The federal government has entered a partial shutdown on 12.22. This means there are some major changes to access to public lands, including NPS and Forest Service lands and sites. Here are 9 things to know:
The Santa Clara Valley, better known by its modern nickname "Silicon Valley," was once also considered the “Valley of Heart’s Delight,” due to its abundance of wheat and produce, particularly pears, apricots, French plums (prunes), tomatoes, flowers, and grapes. The region is both agriculturally robust and scenic, home to a wealth of state parks that protect ancient old growth redwoods, and municipal parks with steep, rocky chaparral and riparian corridors
Read Patrick D Hahn's elegant recollection of eagle sightings at the Conowingo Hydroelectric Generating Station and dam in Maryland, one of the greatest places in all of North America for closeup views of the national bird, the bald eagle. Click here to explore more with Patrick and us!
While we’re currently experiencing a federal government shutdown, most National Park Service lands will remain open but unstaffed. Any portion that requires services (campgrounds, visitor centers, bathrooms, EMS/fire, etc.) will be closed. Risky, dangerous, and sensitive areas will also be closed. If any portion of a park (including the full park, in some cases) is shut and locked during off-business hours, it will be closed during the shutdown. NPS campgrounds are a different matter, with this being the official word from the Department of the Interior: "The NPS will cease providing services for NPS operated campgrounds, including maintenance, janitorial, bathrooms, showers, check-in/check-out and reservations. There is no guarantee their reserved campsite will be ready and available should they arrive during a government shutdown.”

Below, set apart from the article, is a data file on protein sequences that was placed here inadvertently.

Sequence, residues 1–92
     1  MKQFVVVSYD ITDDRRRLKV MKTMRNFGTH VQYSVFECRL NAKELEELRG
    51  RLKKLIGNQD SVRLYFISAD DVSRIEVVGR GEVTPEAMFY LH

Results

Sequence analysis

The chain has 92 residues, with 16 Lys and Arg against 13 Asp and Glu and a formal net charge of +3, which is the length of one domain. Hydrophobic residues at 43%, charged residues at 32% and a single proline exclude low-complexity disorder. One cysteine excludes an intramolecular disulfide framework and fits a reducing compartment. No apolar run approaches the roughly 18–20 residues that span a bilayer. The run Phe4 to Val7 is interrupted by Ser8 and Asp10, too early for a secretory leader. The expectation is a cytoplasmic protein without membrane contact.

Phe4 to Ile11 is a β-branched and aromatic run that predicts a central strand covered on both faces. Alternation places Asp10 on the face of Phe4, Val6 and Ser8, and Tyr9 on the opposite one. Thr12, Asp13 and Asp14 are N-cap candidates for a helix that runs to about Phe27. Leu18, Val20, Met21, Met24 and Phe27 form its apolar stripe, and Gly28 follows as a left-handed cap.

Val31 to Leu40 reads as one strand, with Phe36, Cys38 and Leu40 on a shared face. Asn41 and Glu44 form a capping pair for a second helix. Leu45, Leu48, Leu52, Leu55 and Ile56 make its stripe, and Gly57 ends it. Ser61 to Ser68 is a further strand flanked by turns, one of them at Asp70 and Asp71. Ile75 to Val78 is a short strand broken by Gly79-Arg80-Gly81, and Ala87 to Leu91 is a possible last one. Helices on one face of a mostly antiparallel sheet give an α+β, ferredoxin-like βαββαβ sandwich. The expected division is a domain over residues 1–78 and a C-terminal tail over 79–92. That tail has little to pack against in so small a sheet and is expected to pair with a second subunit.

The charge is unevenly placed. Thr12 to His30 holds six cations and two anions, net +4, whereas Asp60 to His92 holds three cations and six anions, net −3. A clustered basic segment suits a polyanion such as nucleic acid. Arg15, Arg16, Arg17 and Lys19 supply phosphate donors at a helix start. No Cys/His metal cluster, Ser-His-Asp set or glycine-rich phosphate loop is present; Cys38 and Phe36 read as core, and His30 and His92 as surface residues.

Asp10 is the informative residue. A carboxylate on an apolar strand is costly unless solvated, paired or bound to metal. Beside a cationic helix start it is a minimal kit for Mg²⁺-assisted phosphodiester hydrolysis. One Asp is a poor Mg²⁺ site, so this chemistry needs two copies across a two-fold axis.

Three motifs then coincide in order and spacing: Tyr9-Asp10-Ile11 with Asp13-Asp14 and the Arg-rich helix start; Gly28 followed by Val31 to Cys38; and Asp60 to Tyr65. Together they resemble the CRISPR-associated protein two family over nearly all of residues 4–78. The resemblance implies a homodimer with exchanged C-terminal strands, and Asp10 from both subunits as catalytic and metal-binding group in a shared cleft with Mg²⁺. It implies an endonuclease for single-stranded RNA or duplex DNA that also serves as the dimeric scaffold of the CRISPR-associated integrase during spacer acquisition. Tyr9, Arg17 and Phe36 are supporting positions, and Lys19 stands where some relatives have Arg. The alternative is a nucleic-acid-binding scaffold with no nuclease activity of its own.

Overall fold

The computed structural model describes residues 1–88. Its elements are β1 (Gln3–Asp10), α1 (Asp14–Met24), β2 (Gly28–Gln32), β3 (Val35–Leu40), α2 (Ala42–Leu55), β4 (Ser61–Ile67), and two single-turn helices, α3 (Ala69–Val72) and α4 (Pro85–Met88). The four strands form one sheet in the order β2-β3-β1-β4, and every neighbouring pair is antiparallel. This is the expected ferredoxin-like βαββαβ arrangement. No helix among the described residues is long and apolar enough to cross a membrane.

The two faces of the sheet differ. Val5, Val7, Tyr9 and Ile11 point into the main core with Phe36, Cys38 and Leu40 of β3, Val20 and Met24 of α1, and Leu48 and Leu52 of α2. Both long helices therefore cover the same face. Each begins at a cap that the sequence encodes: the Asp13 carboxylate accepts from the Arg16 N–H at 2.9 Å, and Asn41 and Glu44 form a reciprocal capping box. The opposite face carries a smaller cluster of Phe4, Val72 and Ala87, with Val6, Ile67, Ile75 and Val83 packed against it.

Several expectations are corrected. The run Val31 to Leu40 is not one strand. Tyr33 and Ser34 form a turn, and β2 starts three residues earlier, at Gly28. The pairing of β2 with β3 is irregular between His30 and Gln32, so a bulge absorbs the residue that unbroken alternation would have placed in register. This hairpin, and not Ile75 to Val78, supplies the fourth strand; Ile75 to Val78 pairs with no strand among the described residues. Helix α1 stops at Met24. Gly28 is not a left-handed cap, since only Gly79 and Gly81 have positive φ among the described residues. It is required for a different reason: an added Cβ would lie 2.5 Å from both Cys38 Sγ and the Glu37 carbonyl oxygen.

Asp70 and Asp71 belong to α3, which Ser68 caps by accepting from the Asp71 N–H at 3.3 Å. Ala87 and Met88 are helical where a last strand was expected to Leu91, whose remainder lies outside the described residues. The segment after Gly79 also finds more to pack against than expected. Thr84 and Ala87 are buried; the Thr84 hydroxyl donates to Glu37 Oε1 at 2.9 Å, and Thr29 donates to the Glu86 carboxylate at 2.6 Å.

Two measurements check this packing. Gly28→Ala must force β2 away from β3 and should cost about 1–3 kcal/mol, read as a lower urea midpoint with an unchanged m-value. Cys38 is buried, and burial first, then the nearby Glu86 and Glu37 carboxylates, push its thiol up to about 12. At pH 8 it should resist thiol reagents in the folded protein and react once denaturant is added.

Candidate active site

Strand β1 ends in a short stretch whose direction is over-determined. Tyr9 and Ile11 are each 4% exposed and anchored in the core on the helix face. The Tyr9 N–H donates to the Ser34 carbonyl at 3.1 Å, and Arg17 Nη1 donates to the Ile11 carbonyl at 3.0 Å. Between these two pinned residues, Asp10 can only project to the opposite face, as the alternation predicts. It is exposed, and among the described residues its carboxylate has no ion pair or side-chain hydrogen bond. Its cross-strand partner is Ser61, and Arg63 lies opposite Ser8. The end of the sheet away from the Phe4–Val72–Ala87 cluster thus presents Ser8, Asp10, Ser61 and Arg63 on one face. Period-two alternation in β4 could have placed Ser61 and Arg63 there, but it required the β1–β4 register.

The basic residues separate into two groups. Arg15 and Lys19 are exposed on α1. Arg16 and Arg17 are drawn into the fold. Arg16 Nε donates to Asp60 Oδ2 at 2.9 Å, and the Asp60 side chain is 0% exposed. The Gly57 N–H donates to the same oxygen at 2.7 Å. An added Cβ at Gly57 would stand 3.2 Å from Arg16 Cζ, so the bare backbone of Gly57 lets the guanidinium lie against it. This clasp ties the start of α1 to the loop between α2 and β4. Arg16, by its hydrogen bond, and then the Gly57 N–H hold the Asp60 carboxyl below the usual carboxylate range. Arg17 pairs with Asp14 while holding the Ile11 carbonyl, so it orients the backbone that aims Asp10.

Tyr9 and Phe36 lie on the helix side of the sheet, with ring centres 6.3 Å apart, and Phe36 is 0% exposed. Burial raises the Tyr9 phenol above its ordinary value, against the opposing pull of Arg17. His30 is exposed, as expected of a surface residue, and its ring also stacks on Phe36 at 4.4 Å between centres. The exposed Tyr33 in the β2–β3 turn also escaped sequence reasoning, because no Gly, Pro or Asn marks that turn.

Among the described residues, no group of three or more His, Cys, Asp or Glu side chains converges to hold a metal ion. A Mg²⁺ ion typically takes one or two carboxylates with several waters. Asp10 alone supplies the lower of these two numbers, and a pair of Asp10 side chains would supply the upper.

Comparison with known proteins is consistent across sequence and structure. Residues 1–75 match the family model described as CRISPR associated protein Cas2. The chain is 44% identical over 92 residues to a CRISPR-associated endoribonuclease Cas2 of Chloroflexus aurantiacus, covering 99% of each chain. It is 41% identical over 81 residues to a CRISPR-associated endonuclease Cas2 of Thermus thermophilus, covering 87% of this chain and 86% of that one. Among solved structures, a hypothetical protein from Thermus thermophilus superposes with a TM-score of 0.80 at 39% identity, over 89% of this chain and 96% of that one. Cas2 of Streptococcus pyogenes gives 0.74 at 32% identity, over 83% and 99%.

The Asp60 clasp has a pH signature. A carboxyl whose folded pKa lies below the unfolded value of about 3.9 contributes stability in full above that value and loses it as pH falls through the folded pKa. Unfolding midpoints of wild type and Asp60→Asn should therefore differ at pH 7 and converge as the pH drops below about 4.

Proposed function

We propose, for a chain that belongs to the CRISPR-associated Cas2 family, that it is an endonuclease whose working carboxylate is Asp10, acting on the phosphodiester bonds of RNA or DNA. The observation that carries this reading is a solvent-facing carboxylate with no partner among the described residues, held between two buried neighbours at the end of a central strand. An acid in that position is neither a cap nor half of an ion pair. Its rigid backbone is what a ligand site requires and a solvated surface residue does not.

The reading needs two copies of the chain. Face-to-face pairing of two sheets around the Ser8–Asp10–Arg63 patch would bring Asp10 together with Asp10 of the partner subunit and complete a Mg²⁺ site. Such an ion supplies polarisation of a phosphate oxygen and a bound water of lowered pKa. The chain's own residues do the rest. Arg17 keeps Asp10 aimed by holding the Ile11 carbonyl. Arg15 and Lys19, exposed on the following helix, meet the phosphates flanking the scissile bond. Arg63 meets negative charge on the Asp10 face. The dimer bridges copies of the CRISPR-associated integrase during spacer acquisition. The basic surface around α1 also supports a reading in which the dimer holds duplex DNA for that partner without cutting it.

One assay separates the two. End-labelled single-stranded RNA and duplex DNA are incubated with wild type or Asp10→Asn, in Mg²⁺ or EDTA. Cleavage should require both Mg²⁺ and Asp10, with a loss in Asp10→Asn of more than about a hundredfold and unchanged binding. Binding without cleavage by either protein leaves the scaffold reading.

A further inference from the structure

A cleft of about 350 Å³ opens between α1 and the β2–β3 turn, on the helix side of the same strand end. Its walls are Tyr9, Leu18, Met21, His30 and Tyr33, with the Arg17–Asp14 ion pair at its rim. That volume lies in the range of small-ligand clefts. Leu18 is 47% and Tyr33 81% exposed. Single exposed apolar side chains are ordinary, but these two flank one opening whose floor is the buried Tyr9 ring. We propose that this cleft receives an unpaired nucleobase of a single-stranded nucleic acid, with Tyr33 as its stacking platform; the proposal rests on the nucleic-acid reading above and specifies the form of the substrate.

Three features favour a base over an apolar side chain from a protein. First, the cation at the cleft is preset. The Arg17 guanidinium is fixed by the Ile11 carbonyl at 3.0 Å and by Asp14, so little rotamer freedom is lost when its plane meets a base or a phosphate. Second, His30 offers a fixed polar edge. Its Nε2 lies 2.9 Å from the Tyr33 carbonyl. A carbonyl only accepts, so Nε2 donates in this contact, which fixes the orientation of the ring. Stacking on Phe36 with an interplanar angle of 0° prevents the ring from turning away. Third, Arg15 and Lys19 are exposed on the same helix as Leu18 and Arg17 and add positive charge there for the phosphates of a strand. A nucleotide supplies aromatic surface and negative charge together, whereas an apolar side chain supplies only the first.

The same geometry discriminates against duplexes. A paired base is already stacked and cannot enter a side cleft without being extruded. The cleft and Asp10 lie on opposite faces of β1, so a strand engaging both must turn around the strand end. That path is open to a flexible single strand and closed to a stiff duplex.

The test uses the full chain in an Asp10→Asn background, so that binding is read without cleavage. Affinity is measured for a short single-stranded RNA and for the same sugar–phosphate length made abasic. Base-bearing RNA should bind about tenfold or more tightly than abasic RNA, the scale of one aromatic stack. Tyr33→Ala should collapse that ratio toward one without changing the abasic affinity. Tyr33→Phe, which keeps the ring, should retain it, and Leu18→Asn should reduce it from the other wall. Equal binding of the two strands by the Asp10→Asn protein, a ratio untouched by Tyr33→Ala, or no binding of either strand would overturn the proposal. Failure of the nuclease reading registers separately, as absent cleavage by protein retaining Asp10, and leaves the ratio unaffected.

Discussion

With that in mind, we’d like to offer up some amazing state parks that are great options, and in many cases, close to these semi-closed National Parks. These state parks are also fantastic places to visit on their own, and in no way are we suggesting these as replacement parks, though they are fully open and ready to accept visitors! Click here to read the full list of these majestic parks.
Anza-Borrego Desert State Park, photo by Doorino / CC 2.0
"I consider myself a champion of curiosity, and the life of Increase Lapham resonates powerfully for me," writes Janet Frost. "I don’t believe that it was an accident that a man driven by curiosity and the yearning for scientific knowledge landed in the territory of Wisconsin." Frost takes P&P readers through Lapham Peak Park, an enchanted wilderness with a prominent peak that rises 1,200 feet above sea level—click here to read more about Lapham's life and this majestic Wisconsin state park!
Stephanie Paterson's moving chronology of many summers spent working at Reid State Park spans from her undergraduate years though completion of her doctorate. Click here to read about her lifelong connection to this remarkable coastal park in Georgetown, Maine.